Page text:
Roy Burnyila was born in the Northern Territory of Australia. An intermittent artist, he paints the traditional subject matter of his group in a distinctive and individual style.
His work was included in several early and important exhibitions of Aboriginal art including the ‘Mulgurrum Outstation’ exhibition in Melbourne in 1983 and the show ‘Objects and Representations from Ramingining’ at the Power Institute of Contemporary Art, Sydney in 1984.
As a dancer he has travelled with Aboriginal dance groups through south eastern Australia. In 1985 he lived with the Aboriginal community in Campbelltown, NSW as artist in residence.
Roy was also one of the artists to contribute several burial poles, to the ‘Aboriginal Memorial’ an installation made from 200 painted hollow logs, symbolising 200 years of white occupation of Australia, which was part of the 1988 Biennale of Sydney. This installation has since been exhibited overseas including the Hermitage Museum in St Petersburg and is on permanent display in the National Gallery of Australia in Canberra. Roy, together with fellow artists David Malangi (deceased) and George Milpurrurru (deceased), sang to consecrate the placing of the poles in the National Gallery.
Roy’s style is distinctive in his use of a light yellow and white palette, offset by the black he uses on the cross-hatching, or rarrk, the technique typical to Arnhem Land art. He uses a single-colour line cross-hatching instead of the more familiar grouping of lines by colour. The number of lines in a particular colour together with the angling of the lines to form the crosshatching design is like the signature of each artist.
Roy’s people, the Ganalbingu,are associated with the Arafura Swamp and its creatures including geese, crocodiles, water lilies, snakes and fish. Roy’s swirling cross-hatching beautifully captures this environment. In 1997 Roy participated in a series of workshops held in Ramingining, by printmaker Theo Tremblay, during which they produced an important series of prints, ‘The Ramingining Print Suite’ based on the Wagilag Sisters creation story, one of the most important creation stories in this regon. This workshop also represents a unique collaboration by celebrated artists.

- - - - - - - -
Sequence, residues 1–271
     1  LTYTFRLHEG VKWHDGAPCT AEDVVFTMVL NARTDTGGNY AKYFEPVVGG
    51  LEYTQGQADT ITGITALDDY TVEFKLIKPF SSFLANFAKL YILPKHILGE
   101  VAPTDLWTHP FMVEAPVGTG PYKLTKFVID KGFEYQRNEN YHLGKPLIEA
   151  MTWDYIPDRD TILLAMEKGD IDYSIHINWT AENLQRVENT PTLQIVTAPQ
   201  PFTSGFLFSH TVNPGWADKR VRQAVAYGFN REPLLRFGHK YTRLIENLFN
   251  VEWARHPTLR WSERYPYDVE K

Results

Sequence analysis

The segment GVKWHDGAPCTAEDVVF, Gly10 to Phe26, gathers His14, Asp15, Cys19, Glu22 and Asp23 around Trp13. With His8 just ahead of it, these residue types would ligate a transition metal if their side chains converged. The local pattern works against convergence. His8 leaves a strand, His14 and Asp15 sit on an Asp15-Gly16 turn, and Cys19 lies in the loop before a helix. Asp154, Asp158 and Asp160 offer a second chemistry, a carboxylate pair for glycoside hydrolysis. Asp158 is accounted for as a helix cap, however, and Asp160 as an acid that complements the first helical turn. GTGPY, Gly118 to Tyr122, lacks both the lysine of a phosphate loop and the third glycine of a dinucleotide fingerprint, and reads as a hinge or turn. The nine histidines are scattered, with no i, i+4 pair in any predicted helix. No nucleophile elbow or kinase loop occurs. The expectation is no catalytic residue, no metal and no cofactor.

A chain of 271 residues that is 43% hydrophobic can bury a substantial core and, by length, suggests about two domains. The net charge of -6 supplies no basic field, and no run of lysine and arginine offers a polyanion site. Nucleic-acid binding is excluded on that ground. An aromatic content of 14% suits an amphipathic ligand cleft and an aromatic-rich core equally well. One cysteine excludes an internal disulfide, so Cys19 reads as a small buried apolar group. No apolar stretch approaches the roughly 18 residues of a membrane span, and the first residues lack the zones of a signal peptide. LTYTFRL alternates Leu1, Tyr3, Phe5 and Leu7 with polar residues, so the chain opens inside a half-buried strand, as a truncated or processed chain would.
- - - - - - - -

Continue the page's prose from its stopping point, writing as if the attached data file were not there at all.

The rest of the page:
Subject & Themes
Arafura Swamp and related plants and animals, geese, crocodiles, waterlilies, snakes and fish.
Flinders University Art Museum, Adelaide.
Museum of Victoria, Melbourne.
National Gallery of Australia, Canberra.
Sydney University, Sydney.
The Holmes a Court Collection, Perth.
1990 Ramingining Art, Birukmarri Gallery, Fremantle.
1994 Canvassing, 24 Hour Art, Darwin, NT.
1995 The Twelfth National Aboriginal Art Award, Museum and Art Gallery of the Northern Territory, Darwin.
1998 15th NATSI Art Award, Museum & Art Galleries of NT, Darwin.
1997 Ramingining Print Suite.
2000 Yolngu Science, MCA, Sydney.
1992, ‘Aboriginal Art’, National Gallery News, 10th Birthday edition, September / October 1992, p. 5-7.
The Native Born: Objects and Representations from Ramingining Arnhem Land ed. by Bernice Murphy MCA in association with Bula Bula Arts, Ramininging 2000